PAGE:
Meet the CEO-Penelope Sanyu

 “I absolutely looovvvvveeee to teach. I am at my best when I am passing on knowledge, I am always amazed and deeply honoured that God constantly opens doors for me to share, to teach, to learn to grow. In learning I teach, and in teaching I learn. What a gift!” her social media post reads.

Penelope Sanyu, the Chief Executive Officer at Femme Forte Uganda wears several hats. She is a lawyer, policy analyst, author, and change agent. She has dedicated her life to building the capacity of young people to innovatively engage with and influence public policy in various spaces. Sanyu uses social arts as a tool for transformation and has organised several social arts platforms at national level.

One of such is Qweshunga (play), an idea borne in 2020, with the mind-set of starting to have conversations about play as a tool for healing communities. This YouTube channel –Qweshunga is an essential part of learning, healing and living. Sanyu believes that play is the lifeblood of curiosity, creativity and developing social, emotional and physical skills as well as fostering disciplines to succeed in life.

“He/she who controls or influences your play-ability controls you and your body. To whom have you handed your power over the years, the power to control how, when, why, with whom, where you play? When was the last time you played? What has shaped your opinion of play? How do you play? How do you talk about play? What is the future of play?” That is the mind-set she desires us to adopt.

Sanyu has also worked extensively with civil society organisations, women’s movement, and feminist organisations in Uganda. She mentors and coaches young people on transformative leadership and is a certified financial growth coach. Her team at Femme Forte Uganda is focused on empowering young women.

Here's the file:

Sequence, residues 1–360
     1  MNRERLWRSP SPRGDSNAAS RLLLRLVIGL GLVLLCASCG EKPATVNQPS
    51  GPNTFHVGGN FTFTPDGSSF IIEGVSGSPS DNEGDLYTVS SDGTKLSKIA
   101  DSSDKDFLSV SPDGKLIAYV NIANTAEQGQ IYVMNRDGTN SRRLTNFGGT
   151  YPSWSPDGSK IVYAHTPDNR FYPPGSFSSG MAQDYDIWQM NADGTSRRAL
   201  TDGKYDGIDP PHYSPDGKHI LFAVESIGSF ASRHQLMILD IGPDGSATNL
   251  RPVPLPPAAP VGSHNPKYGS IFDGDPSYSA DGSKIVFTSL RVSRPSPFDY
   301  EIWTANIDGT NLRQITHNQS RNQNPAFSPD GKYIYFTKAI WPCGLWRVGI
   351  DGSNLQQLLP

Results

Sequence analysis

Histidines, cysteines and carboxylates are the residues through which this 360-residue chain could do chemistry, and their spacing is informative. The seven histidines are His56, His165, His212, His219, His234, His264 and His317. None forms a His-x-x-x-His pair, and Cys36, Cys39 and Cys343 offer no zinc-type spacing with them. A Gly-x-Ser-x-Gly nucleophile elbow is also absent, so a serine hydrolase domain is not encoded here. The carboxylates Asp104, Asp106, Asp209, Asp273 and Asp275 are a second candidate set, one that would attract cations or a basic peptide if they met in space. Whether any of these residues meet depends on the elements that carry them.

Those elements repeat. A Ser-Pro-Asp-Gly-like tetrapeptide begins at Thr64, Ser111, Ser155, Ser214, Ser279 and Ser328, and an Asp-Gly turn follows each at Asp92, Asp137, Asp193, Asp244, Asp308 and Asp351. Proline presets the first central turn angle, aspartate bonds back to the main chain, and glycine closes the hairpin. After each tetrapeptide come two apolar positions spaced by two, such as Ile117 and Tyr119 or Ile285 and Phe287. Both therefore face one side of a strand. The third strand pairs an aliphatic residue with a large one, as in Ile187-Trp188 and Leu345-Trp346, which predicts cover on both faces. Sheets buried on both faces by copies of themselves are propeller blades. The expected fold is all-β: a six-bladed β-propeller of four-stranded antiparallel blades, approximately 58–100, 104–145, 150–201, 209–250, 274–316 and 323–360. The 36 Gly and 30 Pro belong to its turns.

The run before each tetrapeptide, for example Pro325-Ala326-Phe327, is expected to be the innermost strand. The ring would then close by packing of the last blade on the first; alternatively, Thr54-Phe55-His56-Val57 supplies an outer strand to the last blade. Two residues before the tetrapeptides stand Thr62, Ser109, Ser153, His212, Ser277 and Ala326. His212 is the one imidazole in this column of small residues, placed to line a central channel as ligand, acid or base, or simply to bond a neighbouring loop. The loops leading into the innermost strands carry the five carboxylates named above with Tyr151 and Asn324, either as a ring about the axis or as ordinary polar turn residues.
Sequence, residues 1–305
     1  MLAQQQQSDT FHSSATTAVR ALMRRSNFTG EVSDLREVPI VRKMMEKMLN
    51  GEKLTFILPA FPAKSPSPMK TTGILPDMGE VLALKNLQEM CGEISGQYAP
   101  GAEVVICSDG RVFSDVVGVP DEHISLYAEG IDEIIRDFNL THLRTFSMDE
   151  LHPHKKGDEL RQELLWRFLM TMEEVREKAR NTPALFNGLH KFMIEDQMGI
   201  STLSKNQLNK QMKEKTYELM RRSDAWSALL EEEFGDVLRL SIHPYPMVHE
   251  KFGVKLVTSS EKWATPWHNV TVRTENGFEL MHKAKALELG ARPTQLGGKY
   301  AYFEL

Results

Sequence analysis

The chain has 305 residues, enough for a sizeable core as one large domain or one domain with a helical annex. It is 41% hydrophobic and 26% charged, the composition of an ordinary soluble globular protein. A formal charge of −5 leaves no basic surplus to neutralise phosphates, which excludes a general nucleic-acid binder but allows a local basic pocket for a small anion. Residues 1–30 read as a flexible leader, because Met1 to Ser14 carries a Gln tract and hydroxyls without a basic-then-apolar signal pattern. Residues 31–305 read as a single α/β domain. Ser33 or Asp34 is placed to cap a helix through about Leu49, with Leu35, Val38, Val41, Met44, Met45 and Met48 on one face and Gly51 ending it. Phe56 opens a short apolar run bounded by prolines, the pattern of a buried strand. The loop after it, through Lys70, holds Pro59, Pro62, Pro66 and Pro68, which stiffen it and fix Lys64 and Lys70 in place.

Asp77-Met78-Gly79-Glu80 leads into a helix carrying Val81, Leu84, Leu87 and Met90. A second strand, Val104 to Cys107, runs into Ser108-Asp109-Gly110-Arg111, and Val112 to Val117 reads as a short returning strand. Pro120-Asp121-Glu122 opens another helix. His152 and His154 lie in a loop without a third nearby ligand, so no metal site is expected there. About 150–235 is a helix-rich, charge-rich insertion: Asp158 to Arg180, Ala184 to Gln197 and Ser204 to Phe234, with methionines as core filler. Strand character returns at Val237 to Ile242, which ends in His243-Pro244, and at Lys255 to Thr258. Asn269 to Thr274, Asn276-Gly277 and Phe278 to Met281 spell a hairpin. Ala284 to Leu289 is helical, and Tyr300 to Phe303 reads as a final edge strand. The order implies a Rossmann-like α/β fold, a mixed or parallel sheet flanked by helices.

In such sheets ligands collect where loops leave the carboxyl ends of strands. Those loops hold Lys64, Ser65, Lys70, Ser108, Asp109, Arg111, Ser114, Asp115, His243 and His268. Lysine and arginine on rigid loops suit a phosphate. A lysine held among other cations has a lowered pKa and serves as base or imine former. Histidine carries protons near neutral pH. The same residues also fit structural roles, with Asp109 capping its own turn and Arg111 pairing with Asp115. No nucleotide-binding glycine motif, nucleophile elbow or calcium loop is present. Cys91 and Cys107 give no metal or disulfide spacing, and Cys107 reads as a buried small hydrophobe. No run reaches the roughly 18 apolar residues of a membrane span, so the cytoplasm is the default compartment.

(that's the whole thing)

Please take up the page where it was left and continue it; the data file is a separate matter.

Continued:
Passionate about advocating for equality, Sanyu identifies with American poet, activist, and author Andre Laude who said, “I am not free while any woman is unfree, even when her shackles are very different from my own.”

Her desire is to go beyond simply advocating to stopping, listening and caring. That is because she believes that as the civic space is increasingly shutting down, women must be heard more so when decisions that affect their lives are being made.

Sanyu believes that her small advocacy efforts are part of the bigger effort to liberate women and make them equal in every sphere.

Her work is driven by the fact that she grew up in a slum, characterised by severe poverty and violence. Watching women and children in the neighbourhood endure daily abuse planted a need to do something. She vowed not to allow their pain go to waste because it was not right to see a loved one silenced by fear of the consequences of speaking out. When people ditched their dreams because abuse mutated them, Sanyu was frustrated. The frustrations bore an insatiable need to, in whichever magnitude, dig these women’s voices out of the dunghill and amplify them. With her efforts, women now have a space to speak about their pains without fear of judgement.